in the summer night’s glow [single reviews]
Speak Seldom – “Sanity”: If you feel like getting starry eyed, perhaps in a dreamy realm, Speak Seldom’s fourth single “Sanity” is a sweeping experience you’ll undoubtedly enjoy. While there are many familiar elements at play in this track, I’m trying in vain to come up with bands to name drop. Perhaps St. Lucia? In any case, this atmospheric track is anthemic and cathartic in equal doses. This would have been the year for Speak Seldom to begin to play live for the first time—darn you COVID! “Sanity” is a nice consolation prize from the band—likely their strongest single to date.
SAIAH – “HEART(BREAK)”: This song by Arizona’s SAIAH is a soaring emo ballad with, I daresay, a bit of Americana influence. The desperation in the vocals in the latter half of the song are bordering on grating, but raw emotion isn’t always pretty or easy to absorb. The theme here is one of the most universal in songwriting, but as SAIAH proves, any exposition of one’s experiences into art is worthwhile, no matter how common. Something can’t be cliche if it gives many listeners a healthy outlet for their own emotions. SAIAH has more music to come via InVogue Records.
LAU – “Stunning”: Brian Skeel, a Columbus sound engineer I know because of The Castros, recently posted a link to “Stunning,” the debut single from this retro/synthwave artist. While I enjoy the dystopian, cyberpunk, side of the Outrun universe, I prefer the slick, cool, futuristic yet nostalgic upbeat expressions of synthwave. LAU is every cliche of this genre in one song, except its really not cliche at all. What I mean by that is the song’s elements are predictable on paper, but like the band The Midnight, it’s just so friggin enjoyable to listen to. This sounds like what might happen if Enrique Iglesias hung out in the studio with both the aforementioned The Midnight and M83 for a week and then cut a track.
Notelle – “Bugs”: Possibly my favorite pop discovery out of Nashville in 2020 is the dark, industrial leaning Notelle. This song is a little less abrasive than her previous single “Alive,” but as the title might indicate, it gets under my skin (and likely will get under yours, too). Her vocals are measured and quiet, going from a whisper to a lilting plea and back again. The melody is haunting. In my mind I see this translating live in a manner similar to Billie Eilish’s setup, with a little less edgy teenager and more aura of mystery that means business.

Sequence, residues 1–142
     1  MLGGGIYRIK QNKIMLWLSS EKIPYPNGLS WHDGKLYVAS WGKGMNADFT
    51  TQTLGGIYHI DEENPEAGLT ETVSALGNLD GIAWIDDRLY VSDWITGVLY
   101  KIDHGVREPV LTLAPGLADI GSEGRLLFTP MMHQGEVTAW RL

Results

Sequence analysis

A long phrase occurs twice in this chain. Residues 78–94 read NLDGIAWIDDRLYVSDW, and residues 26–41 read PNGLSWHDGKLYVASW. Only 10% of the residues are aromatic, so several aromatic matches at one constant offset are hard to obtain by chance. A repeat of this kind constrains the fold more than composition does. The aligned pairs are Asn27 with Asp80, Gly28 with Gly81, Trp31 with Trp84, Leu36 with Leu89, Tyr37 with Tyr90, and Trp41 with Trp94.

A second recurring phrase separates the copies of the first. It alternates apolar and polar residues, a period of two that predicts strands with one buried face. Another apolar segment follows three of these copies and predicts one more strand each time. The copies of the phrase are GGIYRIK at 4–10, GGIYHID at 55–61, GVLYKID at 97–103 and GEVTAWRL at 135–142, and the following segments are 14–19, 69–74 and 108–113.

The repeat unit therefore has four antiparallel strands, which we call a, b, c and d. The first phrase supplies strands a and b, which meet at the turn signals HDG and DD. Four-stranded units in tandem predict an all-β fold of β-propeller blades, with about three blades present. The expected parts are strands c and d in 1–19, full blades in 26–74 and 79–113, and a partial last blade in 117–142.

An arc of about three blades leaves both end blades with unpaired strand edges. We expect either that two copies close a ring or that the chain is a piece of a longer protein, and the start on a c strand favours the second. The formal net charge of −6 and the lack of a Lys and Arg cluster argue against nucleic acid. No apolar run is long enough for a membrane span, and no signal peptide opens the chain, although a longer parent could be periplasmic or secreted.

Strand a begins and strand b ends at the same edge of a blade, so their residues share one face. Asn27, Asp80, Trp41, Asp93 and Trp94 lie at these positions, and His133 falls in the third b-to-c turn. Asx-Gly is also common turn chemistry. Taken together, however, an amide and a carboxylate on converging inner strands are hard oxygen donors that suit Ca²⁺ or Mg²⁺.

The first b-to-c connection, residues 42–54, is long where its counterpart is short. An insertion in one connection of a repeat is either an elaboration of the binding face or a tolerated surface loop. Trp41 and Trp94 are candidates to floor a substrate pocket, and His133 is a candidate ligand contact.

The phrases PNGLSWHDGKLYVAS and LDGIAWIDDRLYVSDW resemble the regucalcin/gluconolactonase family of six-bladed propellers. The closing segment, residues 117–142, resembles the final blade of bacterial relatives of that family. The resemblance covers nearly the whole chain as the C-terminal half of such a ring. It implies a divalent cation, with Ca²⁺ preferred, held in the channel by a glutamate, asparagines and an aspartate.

Phangs – “When I’m Alone”: This is the lead single from the forthcoming album from dreampop act Phangs, entitled Who’s Gonna Break Your Heart Tonight? This song takes the expected sentiments that come from being alone and flips them upside down. It’s a triumphant banger that encourages the listener to make the most of a less than ideal situation, and find the silver lining. The hook has a sense of optimism that lingers after the song ends, even after first listen. The vocal delivery is Jake Germany at his most emphatic. It’s a genuine song with a slick finish.
BYSTS – “Runes”: Listening to this song makes me think of the Saw movies, or perhaps the movie Silent Night when the foggy landscape transforms into the nightmarish alter-reality. I don’t flock to that imagery by default myself, but there’s something alluring about darkwave duo BYSTS’ newest outing “Runes,” which could as easily be spelled R-U-I-N-S as R-U-N-E-S – not because the song is bad, but because it has an effect of laying the soundscape to waste while being slick at the same time. The vocals are buried in the instrumentation, shoegaze-style, inviting my mind to zone out in an odd, disquieting place.
90’s Kids – “Freak Me Out”: The laid back, pensive chorus of “Freak Me Out” makes me think a bit of Kings of Leon’s “Use Somebody,” while the track as a whole is a throwback to the late 90s-early 00s, whimsical synth flourishes add fitting accents to an overall smooth mid-tempo pop jam. The pop band from central Ohio is certainly one to watch, having wrapped up a tour with Phangs literally right before quarantine went into effect. This is one of those songs that will be great live when shows come back, but is a sort of contemplative fun anthem for the in-between period as well.
Find all of the above and more on our New and Nifty playlist: